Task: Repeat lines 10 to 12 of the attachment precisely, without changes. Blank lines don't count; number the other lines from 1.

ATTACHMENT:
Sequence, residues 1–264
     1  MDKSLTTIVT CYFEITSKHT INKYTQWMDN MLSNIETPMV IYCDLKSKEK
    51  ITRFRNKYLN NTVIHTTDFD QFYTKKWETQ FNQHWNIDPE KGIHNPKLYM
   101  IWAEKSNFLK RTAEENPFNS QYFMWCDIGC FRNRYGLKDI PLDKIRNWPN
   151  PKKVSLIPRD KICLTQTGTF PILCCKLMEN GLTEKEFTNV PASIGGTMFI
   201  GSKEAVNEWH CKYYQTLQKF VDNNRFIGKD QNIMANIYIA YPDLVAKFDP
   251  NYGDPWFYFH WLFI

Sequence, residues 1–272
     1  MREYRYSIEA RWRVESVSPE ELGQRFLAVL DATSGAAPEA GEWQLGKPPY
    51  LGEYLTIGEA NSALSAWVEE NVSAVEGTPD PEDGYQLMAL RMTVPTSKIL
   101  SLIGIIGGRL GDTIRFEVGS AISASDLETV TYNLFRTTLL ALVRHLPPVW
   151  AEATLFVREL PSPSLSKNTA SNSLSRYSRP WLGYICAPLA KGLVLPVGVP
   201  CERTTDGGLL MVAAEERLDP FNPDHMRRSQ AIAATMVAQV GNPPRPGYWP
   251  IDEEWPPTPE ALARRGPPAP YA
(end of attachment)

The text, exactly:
    51  LGEYLTIGEA NSALSAWVEE NVSAVEGTPD PEDGYQLMAL RMTVPTSKIL
   101  SLIGIIGGRL GDTIRFEVGS AISASDLETV TYNLFRTTLL ALVRHLPPVW
   151  AEATLFVREL PSPSLSKNTA SNSLSRYSRP WLGYICAPLA KGLVLPVGVP